Dark Sky Films // 1965 // 77 Minutes // Not Rated
Reviewed by Judge Paul Corupe (Retired) // April 24th, 2006
Warning! Beware their stare!
The first thing you have to know about Frankenstein Meets the Space Monster is that there's no actual Frankenstein's monster in the film. Instead of an honest-to-goodness, green-skinned, bolt-necked, corpse jigsaw puzzle, all we get is a malfunctioning robot who -- according to one line of dialogue at least -- is "like a Frankenstein." However, if you can forgive this one small cheat, you'll find that Dark Sky has got their grubby hooks on an absolute B-film masterpiece. Like Dark Sky's The Horror of Party Beach disc released earlier this year, Frankenstein Meets the Space Monster is a teenage schlock 'n' roll monster show par excellence. It is a mind-blowing montage of stock footage, dime store effects, and extreme sci-fi goofiness that has -- until now -- been almost forgotten in the overflowing sewers of B-filmdom.
Mars needs, uh...girls! A space-gun brandishing crew of Nosferatu-like aliens, under the command of Dr. Nadir (Lou Cutell, Pee Wee's Big Adventure) and his icy ruler Princess Marcuzan (Marilyn Hanold, In Like Flint), are on their way to Earth. They want to kidnap a bevy of bikini-clad beauties and repopulate their dying planet. As they enter our atmosphere, however, they detect an object heading straight at them. It's a NASA spacecraft piloted by Frank (Robert Reilly, Lilith), an experimental robot making his first trip to the cosmos. Mistaking the rocket ship for a missile, Dr. Nadir shoots down the misidentified flying object. It crashes in the Puerto Rican desert, seriously scrambling Frank's delicate circuits and melting half of his face into a transistorized soup. By the time NASA scientist Dr. Adam Steele (James Karen, Congo) and his assistant Karen Grant (Nancy Marshall, Asylum of Satan) arrive down South to survey the damage, the Martians have landed nearby. They've set their sinister plan in motion, raiding pool-front go-go parties for Earthen breeding stock. Dr. Steele manages to locate and repair Frank (though not before he slaughters a few local residents) and reprograms him to rescue the girls. Only when Frank gets aboard the Martian ship, the deformed robot discovers he must face Dr. Nadir's secret weapon: a yak hair-covered comic beast named Mull!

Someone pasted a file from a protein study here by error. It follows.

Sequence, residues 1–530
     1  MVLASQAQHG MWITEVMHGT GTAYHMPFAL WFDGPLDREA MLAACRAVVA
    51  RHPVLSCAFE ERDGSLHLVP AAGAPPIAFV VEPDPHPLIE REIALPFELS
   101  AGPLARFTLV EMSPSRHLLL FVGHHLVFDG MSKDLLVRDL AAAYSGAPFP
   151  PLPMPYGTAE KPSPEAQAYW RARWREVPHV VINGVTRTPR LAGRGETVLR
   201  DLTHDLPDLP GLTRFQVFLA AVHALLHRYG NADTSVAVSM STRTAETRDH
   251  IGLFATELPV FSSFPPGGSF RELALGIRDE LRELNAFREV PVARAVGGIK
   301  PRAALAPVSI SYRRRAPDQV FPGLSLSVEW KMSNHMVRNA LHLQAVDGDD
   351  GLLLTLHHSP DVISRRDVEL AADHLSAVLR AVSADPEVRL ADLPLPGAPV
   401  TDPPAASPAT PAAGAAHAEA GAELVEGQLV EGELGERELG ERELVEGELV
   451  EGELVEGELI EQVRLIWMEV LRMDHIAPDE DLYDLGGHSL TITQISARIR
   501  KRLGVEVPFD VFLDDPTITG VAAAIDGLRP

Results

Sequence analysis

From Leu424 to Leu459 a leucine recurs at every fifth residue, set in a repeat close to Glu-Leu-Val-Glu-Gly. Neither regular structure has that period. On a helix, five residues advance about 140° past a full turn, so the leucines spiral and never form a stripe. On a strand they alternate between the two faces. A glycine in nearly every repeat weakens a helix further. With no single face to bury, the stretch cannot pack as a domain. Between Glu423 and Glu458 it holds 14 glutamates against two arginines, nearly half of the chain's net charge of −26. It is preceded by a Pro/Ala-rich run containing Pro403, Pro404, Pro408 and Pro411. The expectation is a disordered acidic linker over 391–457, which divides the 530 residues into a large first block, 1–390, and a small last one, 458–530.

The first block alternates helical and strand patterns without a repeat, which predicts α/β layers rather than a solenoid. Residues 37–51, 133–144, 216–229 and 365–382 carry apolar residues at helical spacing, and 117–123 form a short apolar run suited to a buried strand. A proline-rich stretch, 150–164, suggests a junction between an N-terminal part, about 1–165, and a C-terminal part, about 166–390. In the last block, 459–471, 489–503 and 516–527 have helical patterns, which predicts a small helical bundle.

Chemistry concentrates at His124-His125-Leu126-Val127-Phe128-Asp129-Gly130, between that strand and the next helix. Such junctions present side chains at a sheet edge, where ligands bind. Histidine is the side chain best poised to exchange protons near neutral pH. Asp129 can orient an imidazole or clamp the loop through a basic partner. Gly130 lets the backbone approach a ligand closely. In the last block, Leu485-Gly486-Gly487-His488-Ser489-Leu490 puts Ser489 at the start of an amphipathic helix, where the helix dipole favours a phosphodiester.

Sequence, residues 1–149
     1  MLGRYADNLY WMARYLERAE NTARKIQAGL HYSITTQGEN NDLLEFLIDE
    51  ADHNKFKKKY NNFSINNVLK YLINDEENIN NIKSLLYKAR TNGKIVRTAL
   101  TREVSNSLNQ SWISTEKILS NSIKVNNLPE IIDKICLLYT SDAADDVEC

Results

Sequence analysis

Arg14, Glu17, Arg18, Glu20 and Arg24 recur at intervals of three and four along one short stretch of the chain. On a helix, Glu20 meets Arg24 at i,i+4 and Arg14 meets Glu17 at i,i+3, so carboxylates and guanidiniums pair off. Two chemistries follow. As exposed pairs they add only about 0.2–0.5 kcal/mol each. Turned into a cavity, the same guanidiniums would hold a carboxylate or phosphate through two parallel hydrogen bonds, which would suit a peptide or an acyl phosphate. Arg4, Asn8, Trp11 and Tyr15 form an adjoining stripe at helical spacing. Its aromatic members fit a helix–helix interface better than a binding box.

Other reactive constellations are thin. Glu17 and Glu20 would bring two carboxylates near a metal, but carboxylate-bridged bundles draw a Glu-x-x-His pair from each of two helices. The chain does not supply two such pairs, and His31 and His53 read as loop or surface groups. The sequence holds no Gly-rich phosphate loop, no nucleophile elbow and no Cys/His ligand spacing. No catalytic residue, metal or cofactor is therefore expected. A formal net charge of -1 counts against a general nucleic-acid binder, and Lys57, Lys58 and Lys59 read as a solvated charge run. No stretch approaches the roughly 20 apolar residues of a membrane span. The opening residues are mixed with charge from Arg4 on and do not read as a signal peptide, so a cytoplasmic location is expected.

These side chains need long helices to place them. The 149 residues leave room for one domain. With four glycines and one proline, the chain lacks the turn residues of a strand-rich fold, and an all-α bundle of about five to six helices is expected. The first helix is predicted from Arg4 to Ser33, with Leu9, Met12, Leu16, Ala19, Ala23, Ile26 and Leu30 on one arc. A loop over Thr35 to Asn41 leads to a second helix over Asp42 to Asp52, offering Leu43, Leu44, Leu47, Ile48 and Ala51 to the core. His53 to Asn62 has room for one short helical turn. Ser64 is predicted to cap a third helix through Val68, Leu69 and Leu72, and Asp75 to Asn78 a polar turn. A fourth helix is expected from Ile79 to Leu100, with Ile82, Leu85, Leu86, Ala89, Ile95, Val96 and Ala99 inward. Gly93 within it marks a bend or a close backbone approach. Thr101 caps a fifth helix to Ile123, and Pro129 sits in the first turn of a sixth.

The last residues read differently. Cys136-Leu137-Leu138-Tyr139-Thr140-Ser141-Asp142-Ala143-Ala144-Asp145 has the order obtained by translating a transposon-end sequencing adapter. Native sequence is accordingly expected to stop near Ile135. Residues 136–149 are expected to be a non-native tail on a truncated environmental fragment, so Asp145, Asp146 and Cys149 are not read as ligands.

Originally planned as a sci-fi farce by a trio of East Coast writers (including the Poet Laureate of Virginia, George Garrett), this bargain basement, $25,000 exercise in vulgarity is one of the quirkiest motion pictures ever to be projected onto a drive-in screen. This riotously crazy slice of filmmaking seems tailor made for the bad movie set. Almost everything about Frankenstein Meets the Space Monster is dumbfounding, from converted hair-dryer "space guns" and ludicrous bald caps to the cheapo Puerto Rico location and Dr. Nadir's silly science-speak ("And now, maximum energy!"). Cutting even more corners, the two rock 'n' roll songs on the soundtrack are repeated several times over. A surprisingly large portion of the film is made up of badly scratched NASA and army stock footage, perhaps the most recycled celluloid seen since Ed Wood's Glen or Glenda?. When Frankenstein Meets the Space Monster isn't preoccupied with ogling the swimsuited babes for cheap thrills, it's prone to nonsensical plot detours. One such is a hilarious "purification ritual" inside the Martian vessel (which naturally appears roughly triple the size of its exterior), involving the girls being covered with dry-cleaning bags and placed on a conveyer belt for some nefarious, never-disclosed purpose.